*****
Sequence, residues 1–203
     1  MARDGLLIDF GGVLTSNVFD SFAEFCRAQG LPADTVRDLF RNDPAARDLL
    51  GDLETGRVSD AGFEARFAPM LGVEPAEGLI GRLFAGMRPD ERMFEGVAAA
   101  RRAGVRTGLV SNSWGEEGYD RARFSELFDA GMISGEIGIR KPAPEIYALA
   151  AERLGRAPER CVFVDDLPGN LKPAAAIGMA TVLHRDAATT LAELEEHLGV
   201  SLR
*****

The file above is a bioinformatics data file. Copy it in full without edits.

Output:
Sequence, residues 1–203
     1  MARDGLLIDF GGVLTSNVFD SFAEFCRAQG LPADTVRDLF RNDPAARDLL
    51  GDLETGRVSD AGFEARFAPM LGVEPAEGLI GRLFAGMRPD ERMFEGVAAA
   101  RRAGVRTGLV SNSWGEEGYD RARFSELFDA GMISGEIGIR KPAPEIYALA
   151  AERLGRAPER CVFVDDLPGN LKPAAAIGMA TVLHRDAATT LAELEEHLGV
   201  SLR